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22 During the night Jacob quickly took[a] his two wives, his two female servants, and his eleven sons[b] and crossed the ford of the Jabbok.[c] 23 He took them and sent them across the stream along with all his possessions.[d] 24 So Jacob was left alone. Then a man[e] wrestled[f] with him until daybreak.[g]

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  1. Genesis 32:22 tn Heb “and he arose in that night and he took.” The first verb is adverbial, indicating that he carried out the crossing right away.
  2. Genesis 32:22 tn The Hebrew term used here is יֶלֶד (yeled) which typically describes male offspring. Some translations render the term “children” but this is a problem because by this time Jacob had twelve children in all, including one daughter, Dinah, born to Leah (Gen 30:21). Benjamin, his twelfth son and thirteenth child, was not born until later (Gen 35:16-19).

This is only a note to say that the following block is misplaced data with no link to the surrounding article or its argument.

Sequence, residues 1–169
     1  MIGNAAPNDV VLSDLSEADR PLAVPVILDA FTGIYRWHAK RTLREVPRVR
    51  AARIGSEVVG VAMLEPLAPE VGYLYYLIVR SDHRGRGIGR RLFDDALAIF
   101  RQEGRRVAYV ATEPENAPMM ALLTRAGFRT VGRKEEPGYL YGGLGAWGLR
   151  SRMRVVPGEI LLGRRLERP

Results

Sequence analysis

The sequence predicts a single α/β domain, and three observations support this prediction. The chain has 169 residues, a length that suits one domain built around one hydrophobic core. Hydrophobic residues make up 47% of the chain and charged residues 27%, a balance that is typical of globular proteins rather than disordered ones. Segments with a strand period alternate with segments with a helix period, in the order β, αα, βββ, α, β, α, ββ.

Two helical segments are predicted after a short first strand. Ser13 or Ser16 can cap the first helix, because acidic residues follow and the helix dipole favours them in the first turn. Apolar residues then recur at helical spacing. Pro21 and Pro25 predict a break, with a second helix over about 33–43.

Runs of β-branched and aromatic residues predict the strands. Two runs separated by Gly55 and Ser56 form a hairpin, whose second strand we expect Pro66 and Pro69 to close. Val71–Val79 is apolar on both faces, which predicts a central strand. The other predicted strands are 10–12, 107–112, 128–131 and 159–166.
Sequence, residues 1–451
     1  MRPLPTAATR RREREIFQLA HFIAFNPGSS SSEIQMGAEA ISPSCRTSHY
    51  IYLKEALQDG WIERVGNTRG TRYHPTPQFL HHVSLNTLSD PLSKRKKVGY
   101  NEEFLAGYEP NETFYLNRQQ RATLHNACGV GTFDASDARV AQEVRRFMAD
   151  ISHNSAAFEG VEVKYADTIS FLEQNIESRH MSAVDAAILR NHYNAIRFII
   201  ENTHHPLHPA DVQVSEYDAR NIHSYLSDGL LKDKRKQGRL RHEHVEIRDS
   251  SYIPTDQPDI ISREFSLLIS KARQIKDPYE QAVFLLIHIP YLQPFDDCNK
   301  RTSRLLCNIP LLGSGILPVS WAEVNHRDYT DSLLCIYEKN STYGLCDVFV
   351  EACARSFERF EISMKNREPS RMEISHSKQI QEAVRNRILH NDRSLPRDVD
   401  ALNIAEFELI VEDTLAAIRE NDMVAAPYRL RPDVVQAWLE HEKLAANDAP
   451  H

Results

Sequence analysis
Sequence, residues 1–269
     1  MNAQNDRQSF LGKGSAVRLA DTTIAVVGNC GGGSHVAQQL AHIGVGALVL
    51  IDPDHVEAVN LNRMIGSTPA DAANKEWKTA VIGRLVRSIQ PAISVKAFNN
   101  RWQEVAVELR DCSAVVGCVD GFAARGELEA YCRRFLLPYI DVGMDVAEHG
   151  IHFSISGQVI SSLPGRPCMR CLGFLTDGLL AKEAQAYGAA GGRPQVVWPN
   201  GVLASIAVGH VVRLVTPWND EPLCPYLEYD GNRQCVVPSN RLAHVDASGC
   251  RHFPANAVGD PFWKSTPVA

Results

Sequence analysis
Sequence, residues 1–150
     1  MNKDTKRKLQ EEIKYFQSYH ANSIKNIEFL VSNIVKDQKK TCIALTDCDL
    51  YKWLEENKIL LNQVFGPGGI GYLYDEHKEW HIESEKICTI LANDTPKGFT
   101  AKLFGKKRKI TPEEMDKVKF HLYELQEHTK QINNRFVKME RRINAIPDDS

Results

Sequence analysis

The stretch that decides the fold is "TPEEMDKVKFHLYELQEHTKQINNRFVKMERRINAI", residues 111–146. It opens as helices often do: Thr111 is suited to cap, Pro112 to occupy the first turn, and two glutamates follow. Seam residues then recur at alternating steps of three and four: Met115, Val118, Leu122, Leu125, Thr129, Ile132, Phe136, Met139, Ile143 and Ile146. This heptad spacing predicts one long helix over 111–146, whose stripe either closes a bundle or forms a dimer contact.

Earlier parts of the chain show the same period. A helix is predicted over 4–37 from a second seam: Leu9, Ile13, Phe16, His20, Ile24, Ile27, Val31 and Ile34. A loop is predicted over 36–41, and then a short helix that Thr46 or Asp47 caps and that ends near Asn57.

3. Genesis 32:22 sn Hebrew narrative style often includes a summary statement of the whole passage followed by a more detailed report of the event. Here v. 22 is the summary statement, while v. 23 begins the detailed account.
  4. Genesis 32:23 tn Heb “and he sent across what he had.”
  5. Genesis 32:24 sn Reflecting Jacob’s perspective at the beginning of the encounter, the narrator calls the opponent simply “a man.” Not until later in the struggle does Jacob realize his true identity.
  6. Genesis 32:24 sn The verb translated “wrestled” (וַיֵּאָבֵק, vayyeʾaveq) sounds in Hebrew like the names “Jacob” (יַעֲקֹב, yaʿaqov) and “Jabbok” (יַבֹּק, yabboq). In this way the narrator links the setting, the main action, and the main participant together in the mind of the reader or hearer.
  7. Genesis 32:24 tn Heb “until the rising of the dawn.”

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